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Żyrardów: Europe's Old Linen Capital

Żyrardów: Europe's Old Linen Capital

The Mrs. and I make it a point to get out and explore Poland as much as possible, even if it's just day tips out of Warsaw. There's just too much interesting history here to stay put. Plus, our general FOMO-ness pushes us out to places we've never been before. Case in point, a Sunday day trip to Żyrardów, a small town an 30 minutes east of Warsaw by train. Why Żyrardów? I'm sure you knew the town is one of Poland's official national historic monuments. No? That's ok, we didn't either.

Its claim to fame being that it's one of, if not the only, wholly-preserved 19th century-factory town in all of Europe. What that translates into today is a ton of nicely preserved (and some not so preserved) red brick buildings, ranging from factories, to churches, to the president's mansion, and worker housing all nicely laid out along gridded streets complete with town squares, tree-lined boulevards and plenty of parks. All of which makes for a nice little walk.

Żyrardów's main square.

Żyrardów's main square.

The now-restored former textile factory on the other side of the main square.

The now-restored former textile factory on the other side of the main square.

Nice green street with classic factory-worker housing.

Nice green street with classic factory-worker housing.

It's good to be king... the former factory president's house.

It's good to be king... the former factory president's house.

I find Żyrardów's story interesting, as it physically manifests almost two centuries of continental European history. It started with a Frenchman, Phillipe de Girard. A Thomas Edison-type, constantly working on inventions for the then happening Industrial Revolution. Everything from chemicals, soap, lamps to steam engines. In 1810, Napoleon offered a prize to the best new machinery for spinning yarn out of flax (to combat English cotton textile production). Girard quickly patented two methods of making the yarn, but Napoleon never awarded him the prize. Bankrupt from the effort, he took his invention to Austria, then England, then back to France, setting up a textile mill each time, all of which failed.

Not giving up, he went to Poland (much of which was then part of the Russian empire), where in 1833 he built a textile factory in a village named Ruda Guzowska. Finally, success! So much so, that the village even changed its name to Żyrardów, which is the polonised spelling of "Girard" (you'll have to trust me that "Zyrard" said out loud sounds exactly like how a French speaker would say "Girard"). 

There are still some ruins... like this wing of the hospital.

There are still some ruins... like this wing of the hospital.

And this section of the textile factory.

And this section of the textile factory.

But most everything's been restored, like this building and cafe (where ate a nice lunch).

But most everything's been restored, like this building and cafe (where ate a nice lunch).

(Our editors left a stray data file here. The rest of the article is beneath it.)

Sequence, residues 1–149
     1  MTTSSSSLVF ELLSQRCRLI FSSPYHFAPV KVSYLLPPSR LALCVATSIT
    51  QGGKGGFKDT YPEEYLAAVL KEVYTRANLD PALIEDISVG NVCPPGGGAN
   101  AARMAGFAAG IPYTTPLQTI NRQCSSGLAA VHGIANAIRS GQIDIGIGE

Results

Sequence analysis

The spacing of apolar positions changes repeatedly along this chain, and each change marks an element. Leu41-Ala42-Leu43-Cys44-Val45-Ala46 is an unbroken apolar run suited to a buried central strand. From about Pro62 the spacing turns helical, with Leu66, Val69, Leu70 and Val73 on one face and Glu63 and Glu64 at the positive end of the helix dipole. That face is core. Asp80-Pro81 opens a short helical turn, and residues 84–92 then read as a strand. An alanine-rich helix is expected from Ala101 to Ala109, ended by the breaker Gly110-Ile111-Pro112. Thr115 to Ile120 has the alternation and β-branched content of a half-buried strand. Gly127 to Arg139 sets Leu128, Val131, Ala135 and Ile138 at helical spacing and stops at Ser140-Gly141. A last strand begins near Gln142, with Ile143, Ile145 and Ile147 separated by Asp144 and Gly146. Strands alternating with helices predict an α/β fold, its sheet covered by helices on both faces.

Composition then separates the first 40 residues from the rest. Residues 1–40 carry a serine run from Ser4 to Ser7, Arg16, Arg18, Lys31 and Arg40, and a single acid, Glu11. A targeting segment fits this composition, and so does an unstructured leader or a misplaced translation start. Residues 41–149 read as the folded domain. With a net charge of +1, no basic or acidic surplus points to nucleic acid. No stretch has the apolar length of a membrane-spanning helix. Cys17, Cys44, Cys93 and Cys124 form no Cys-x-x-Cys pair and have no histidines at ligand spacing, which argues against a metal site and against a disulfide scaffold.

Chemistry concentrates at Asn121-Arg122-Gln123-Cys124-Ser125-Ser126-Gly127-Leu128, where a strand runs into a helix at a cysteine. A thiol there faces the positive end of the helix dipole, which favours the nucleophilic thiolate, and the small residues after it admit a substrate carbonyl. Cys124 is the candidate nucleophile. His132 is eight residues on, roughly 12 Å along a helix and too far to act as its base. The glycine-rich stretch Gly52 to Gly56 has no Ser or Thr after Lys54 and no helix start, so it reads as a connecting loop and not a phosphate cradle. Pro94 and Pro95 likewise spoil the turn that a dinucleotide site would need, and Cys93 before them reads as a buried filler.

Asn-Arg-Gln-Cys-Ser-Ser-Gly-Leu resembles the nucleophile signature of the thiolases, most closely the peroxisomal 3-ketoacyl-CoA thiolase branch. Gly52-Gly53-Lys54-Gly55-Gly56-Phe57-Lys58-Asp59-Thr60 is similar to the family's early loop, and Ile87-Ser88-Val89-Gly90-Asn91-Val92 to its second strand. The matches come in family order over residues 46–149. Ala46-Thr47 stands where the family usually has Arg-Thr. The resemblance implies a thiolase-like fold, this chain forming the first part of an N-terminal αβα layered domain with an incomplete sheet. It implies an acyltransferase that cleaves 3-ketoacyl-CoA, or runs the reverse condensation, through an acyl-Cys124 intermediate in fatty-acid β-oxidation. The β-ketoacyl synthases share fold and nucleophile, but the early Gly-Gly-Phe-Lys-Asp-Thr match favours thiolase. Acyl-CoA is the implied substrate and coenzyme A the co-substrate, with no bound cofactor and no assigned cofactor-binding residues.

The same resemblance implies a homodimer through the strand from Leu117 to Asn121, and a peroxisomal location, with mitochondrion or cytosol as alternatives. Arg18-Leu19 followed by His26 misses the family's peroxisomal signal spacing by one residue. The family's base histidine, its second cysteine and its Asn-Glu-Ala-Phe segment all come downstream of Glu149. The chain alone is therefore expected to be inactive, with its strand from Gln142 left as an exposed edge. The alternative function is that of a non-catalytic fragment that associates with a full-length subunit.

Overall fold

Żyrardów really took off after the factory was bought by two German industrialists in late 1800s. They were responsible for further expanding the factories and building the "garden city" that Żyrardów is famous for today. Żyrardów's textiles were sold throughout the Russian empire and the city was a teeming manufacturing center - in Poland, ruled by the Russians, run by the Germans, with workers running the full gamut from Poles, to Germans, to Czechs, to Jews, to English, to Scots, and even the Irish. Everything went swimmingly right up until 1914. Post-WWI, the world around the factory changed. Poland got its own country back, but the factory lost its biggest market as Russia went all Bolshevik on itself. The factory struggled on, but fell on hard times, which became even harder with the onset of WWII. Polish communism kept Żyrardów's factories churning out textiles for the next few decades, but once Communism fell and Asia took such things over, the factories closed down, the last one struggling on through the late 90's.

Most of the former work housing is still lived in...

Most of the former work housing is still lived in...

Backyard pigeon coop.

Backyard pigeon coop.

Today, at least from what I can tell from my quick walk around, Żyrardów looks to be transitioning comfortably into that post-industrialist retail/commuter type of town I'm familiar with in the US. While there's still an occasional ruin around, the factory buildings have been restored and converted into a lofts/hotel/retail center. The former workers housing is still lived in and looks pretty nice by Polish standards (much nicer than many of the old buildings in Warsaw). It's clean, nice-looking, very green and even has some trendy restaurants near the center. I have no idea what people there do for work, but it's only 30 minutes by train to Warsaw.

The cathedral was modeled after the one in Cologne, Germany.

The cathedral was modeled after the one in Cologne, Germany.

Just one more ruin porn shot...

Just one more ruin porn shot...

Żyrardów's train station.

Żyrardów's train station.

A throwback to Poland before malls became a thing... Żyrardów's Sunday market.

A throwback to Poland before malls became a thing... Żyrardów's Sunday market.

The Mrs. waiting out a flash thunderstorm on our way back to the train station. Note the decidedly non-19th century building behind her.

The Mrs. waiting out a flash thunderstorm on our way back to the train station. Note the decidedly non-19th century building behind her.

Żyrardów definitely makes for a nice Sunday afternoon trip (the town wants you to come, they even have a nice walking tour laid out on their website).

Mr.PNG

 

 

Berlin and Uber-Coolness

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